# Optimal Fractional Sample Delay Filter with Variable Delay  ABOUT THE AUTHOR Marek Blok received an MSc degree in Information Systems from Technical University of Gdansk in 1994. Since 1994, he has been with the Faculty of Electronics, Telecommunications, and Informatics at the Technical University of Gdansk engaged in DSP algorithm research and development. He is currently preparing his PhD thesis concerning fractional sample delay filter design. This article presents a concept of a
fractional sample delay (FSD) filter, optimal in the Chebyshev
sense, with variable fractional delay. We first present a
computationally efficient method for optimal FSD filter design
based on the complex Remez algorithm. We show that you can simplify
the design algorithm for an FSD. Moreover, numerical costs can
further be decreased for a variable-delay filter. The paper
proposes an optimal variable delay FSD filter design method and its
derivation, and presents the FSD filter's properties. Additionally, we present and discuss illustrative examples of optimal FSD filters.

Introduction

Fractional sample delay filters find applications in many areas, such as synchronization of digital modems, incommensurate sampling rate conversion, high-resolution pitch
prediction, and musical-instrument sound synthesis.     In contrast to an integer sample delay,
implementation of a fractional delay is very difficult. Although
there exist several FSD-filter design methods, the problem is that
computationally effective methods, such as a windowing method for a
maximally flat filter-design , give us poor-quality filters. On the other hand,
designers use numerically intensive iterative methods, for example
the complex Remez algorithm proposed by Karam and McClellan   , to design high-quality filters. In some cases,
you can pre-design FSD filters and store these filters in memory.
However, when a large number of filters or a variable delay are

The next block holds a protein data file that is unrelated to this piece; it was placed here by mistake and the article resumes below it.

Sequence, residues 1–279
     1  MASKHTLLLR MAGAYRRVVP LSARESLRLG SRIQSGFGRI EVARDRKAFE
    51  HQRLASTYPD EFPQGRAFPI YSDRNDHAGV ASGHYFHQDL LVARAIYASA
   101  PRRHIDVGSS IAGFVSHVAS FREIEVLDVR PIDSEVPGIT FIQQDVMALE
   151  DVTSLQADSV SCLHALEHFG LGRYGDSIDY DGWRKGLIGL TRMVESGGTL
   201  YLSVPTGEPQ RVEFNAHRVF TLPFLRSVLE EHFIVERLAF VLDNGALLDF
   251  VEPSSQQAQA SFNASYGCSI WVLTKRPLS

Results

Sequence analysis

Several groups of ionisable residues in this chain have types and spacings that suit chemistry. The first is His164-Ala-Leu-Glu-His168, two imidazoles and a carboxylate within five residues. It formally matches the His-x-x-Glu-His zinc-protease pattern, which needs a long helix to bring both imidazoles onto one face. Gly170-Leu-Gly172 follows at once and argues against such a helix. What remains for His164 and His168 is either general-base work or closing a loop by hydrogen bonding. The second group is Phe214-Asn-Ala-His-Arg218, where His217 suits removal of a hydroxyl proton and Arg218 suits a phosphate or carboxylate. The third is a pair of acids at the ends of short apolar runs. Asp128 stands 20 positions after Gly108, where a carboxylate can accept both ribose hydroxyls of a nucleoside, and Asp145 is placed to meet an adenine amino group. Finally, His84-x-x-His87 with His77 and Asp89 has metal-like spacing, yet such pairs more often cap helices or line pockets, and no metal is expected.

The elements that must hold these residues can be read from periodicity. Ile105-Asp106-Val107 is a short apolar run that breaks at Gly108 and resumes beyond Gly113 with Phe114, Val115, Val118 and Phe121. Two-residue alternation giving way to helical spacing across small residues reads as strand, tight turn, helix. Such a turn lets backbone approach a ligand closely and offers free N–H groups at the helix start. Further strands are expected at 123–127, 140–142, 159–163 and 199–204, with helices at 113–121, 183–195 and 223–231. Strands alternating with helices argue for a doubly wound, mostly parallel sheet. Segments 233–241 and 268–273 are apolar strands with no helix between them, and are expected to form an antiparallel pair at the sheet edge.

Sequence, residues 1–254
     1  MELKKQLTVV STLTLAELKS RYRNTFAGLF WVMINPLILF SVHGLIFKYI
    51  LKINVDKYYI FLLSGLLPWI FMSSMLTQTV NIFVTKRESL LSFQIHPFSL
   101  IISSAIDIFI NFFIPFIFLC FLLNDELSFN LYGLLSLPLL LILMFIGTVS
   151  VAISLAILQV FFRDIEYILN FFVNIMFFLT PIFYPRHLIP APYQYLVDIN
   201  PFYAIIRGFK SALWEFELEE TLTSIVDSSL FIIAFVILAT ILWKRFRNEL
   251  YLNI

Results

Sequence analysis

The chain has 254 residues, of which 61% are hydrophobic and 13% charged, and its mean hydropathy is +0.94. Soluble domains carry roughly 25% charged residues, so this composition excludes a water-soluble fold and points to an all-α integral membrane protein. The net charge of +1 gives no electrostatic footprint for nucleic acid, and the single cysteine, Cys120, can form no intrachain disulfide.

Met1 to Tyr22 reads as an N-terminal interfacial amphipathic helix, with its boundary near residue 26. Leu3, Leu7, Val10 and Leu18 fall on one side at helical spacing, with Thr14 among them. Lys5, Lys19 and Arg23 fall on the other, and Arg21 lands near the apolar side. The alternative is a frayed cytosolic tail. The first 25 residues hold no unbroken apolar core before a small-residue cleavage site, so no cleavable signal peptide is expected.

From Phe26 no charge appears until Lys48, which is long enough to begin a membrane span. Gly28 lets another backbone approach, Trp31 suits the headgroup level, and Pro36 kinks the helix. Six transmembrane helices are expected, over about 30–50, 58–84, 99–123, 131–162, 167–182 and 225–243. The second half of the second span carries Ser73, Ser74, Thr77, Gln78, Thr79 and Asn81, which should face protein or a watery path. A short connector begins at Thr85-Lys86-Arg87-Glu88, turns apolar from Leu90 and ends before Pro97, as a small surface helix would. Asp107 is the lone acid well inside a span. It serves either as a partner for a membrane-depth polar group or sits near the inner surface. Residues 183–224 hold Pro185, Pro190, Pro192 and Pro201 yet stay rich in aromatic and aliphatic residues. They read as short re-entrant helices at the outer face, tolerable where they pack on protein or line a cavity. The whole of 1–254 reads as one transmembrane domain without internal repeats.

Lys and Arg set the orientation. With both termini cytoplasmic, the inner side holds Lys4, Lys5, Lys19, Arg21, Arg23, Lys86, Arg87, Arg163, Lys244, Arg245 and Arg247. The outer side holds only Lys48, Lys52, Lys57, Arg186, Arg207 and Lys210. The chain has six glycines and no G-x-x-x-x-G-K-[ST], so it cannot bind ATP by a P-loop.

necessary, memory requirements become unacceptable.

FSD Filter

The Nth order FSD filter has to approximate an ideal frequency
response (1)

where n [1/Sa] denotes normalized
frequency and t d [Sa] is the
total delay of the filter. The magnitude response of an ideal FSD
filter is equal to one, and group or phase delay equals t d over the entire frequency
range.

You can partition the total delay t d into two components: the net
delay e and the bulk delay L or into the
fractional delay d and the integer delay D: (2)

where L = N/2 and D = round(t d ). For a given fractional delay d [-0.5, 0.5), the approximation error is smallest when the total
delay t d is closest to the
bulk delay L. Therefore, in most practical cases the net delay
satisfies the condition e [-0.5, 0.5). In addition, if both even and odd filter orders are
considered, the net delay e will be more
useful than the fractional delay d since it is a continuous
function (Figure 1 ) of the total delay t d . Figure 1:  Presentation of filter delays for even-order
(left) and odd-order (right) filters.

Optimal FSD Filter Design Method

The ideal frequency response shown in Figure 1 is
approximated by an Nth-order FIR filter with frequency response (3)

where h[n] denotes the filter impulse response. We define the
complex approximation error with removed bulk delay factor as (4)

You can state an optimal in the Chebyshev sense filter design
problem as the minimization of peak error (5)

for a given approximation bandwidth B. For FSD filters, usually
B (-n off , n off ).

The most important property of the Chebyshev complex
approximation error is an alternation property, which states that
if there exist (at least) N+2 frequency points n k arranged in an increasing order
such that the error E(n ) satisfies (6)

then the filter is optimal for a given approximation bandwidth.
The frequency points n k are
known as the extremal points of the complex approximation error of
the optimal filter. Additionally, if the set of extremal points of
an optimal FSD filter consists exactly of N+2 points, you can
calculate the optimal filter by solving the set of N+2 linear
equations (7)

with N+2 unknowns: h[n] are the filter coefficients and d is the approximation error (peak error
equals | d |). This set of equations can
be rewritten as a matrix equation, which can be easily solved
through matrix inversion. (8)

Fortunately, the optimal FSD filters have only N+2 extremal
points, so you need to consider only the first stage of the complex
Remez algorithm. This feature considerably simplifies the
algorithm, since you can pass over the ascend-descent part of the
algorithm.

In order to solve the foregoing set of equations, you need a set
of extremal pointsthe only problem is in the construction of
such a set. To solve this problem, we'll take advantage of another
theorem, as follows.

If the set of extremal points of an filter optimal on B consists
of r points, then the optimal filter can be found by selecting